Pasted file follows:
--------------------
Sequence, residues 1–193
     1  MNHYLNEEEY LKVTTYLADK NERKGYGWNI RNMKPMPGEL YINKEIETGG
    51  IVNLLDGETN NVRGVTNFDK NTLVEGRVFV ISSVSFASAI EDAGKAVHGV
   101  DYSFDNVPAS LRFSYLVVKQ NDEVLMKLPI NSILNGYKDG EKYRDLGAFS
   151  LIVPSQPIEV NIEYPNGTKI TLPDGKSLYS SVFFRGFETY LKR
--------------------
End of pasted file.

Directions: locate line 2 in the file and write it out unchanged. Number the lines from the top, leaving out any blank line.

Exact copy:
     1  MNHYLNEEEY LKVTTYLADK NERKGYGWNI RNMKPMPGEL YINKEIETGG